More fun with setting things on fire, ostensibly for science

Last week, we carefully observed the interaction between fire and steel wool. Much important data was gathered. I think we all learned something. Now, it's time to progress our research. Up next: What happens when you use a laser to ignite a piece of paper that's been suspended inside a clear balloon? The slow-motion replay is really the key in this experiment. Don't miss it.

Thanks to WorldScott for putting this timely and relevant study on the Submitterator!


    1. I would guess that’s magicians flash paper. It’s basically guncotton, made with the paper’s cellulose, or otherwise it’s just paper that’s been impregnated with flash powder, a type of gunpowder mixed with magnesium.

  1. I think the coolest thing is watching the balloon expand because of the expansion of the heated air within. The paper rises because it becomes much less dense relative to the air…same principle as smoke.

    1. This is an excellent comment. I hadn’t particularly noticed the change in volume (particularly in the second burn) caused by the emission of gas from the burning reaction. It is a bit subtle and should probably be spelled out so that casual viewers can catch it.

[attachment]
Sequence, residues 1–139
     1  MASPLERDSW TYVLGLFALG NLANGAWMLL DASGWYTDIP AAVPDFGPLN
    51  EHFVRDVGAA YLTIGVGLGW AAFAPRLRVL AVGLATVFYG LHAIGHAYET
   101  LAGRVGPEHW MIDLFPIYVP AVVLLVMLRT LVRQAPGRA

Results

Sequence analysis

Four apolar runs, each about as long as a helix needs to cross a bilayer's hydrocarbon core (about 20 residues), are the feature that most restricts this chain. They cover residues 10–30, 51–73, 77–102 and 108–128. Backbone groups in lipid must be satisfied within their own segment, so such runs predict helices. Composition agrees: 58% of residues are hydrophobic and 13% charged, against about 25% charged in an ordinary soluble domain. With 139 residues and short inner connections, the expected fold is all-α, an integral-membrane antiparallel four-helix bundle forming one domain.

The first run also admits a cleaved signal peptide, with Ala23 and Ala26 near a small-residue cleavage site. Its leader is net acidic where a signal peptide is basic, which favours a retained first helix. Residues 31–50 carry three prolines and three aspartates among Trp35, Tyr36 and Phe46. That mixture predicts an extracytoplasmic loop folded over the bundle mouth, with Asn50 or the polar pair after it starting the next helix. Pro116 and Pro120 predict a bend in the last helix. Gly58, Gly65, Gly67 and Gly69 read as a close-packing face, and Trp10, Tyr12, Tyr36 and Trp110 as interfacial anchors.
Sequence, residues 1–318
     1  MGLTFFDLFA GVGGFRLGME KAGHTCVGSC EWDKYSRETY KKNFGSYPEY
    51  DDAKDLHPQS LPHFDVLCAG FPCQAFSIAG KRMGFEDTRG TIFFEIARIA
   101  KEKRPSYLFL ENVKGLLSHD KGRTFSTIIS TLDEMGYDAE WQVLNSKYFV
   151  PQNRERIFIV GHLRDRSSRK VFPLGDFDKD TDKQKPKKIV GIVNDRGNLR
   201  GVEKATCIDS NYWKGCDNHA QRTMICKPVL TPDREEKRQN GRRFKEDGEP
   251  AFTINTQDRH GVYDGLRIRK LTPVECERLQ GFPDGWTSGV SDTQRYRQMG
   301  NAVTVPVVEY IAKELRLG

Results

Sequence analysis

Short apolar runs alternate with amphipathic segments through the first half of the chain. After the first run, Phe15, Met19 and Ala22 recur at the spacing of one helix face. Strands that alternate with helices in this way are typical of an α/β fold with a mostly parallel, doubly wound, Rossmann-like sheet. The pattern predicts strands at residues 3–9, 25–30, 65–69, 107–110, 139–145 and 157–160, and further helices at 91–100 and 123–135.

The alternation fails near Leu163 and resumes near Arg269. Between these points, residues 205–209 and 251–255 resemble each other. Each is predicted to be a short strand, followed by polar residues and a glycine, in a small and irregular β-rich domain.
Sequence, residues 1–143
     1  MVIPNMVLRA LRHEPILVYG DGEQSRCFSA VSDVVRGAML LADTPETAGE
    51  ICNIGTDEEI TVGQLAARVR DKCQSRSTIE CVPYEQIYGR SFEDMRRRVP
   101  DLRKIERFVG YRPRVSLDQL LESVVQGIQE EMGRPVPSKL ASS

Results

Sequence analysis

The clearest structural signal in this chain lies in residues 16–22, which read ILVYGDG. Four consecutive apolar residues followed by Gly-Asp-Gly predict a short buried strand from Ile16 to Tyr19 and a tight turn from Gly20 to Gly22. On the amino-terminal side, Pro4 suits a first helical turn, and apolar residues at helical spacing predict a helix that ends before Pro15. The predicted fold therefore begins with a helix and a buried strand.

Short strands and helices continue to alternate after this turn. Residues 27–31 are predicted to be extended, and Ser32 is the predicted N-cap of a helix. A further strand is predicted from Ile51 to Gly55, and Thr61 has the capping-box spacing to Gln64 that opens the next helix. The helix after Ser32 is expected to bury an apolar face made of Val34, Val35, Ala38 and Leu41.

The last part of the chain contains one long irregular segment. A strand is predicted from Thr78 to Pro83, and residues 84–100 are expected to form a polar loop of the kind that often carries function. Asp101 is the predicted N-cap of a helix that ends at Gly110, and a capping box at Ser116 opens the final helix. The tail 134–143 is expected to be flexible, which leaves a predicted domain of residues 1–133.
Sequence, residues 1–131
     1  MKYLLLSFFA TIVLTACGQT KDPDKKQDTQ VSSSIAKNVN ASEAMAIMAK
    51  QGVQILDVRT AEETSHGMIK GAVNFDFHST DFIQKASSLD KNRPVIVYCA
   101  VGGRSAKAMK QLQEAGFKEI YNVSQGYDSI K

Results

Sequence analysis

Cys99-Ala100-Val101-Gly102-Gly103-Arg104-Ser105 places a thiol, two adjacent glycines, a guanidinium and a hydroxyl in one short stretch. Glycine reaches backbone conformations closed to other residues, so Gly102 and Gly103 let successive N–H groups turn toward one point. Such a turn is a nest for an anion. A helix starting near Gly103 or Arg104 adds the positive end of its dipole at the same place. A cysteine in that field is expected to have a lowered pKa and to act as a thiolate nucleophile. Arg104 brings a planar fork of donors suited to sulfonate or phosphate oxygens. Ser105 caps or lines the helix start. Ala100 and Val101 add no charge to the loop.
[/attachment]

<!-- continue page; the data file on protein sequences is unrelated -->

2. Thank you Maggie Koerth-Baker! You just made my day!!! LOL!

    To those debating it, the first balloon bursts because of a burning ember of flash paper that falls down. If you watch the slow motion version of it you can catch it clearly.

    As a long time Boing Boing fan and lurker what a pleasure to see this!

    Thanks again!

    1. I agree. The second slo-mo (third clip) shows a balloon remaining intact because no ember falls to the bottom.

      Totally cool, thanks guys!

    1. Actually it could be a cool chemistry / physics thing. If the balloon was filled with pure oxygen even normal paper would burn like that and perhaps even MORE violently. It is amazing what an effect pure oxygen has in terms of making material combust!


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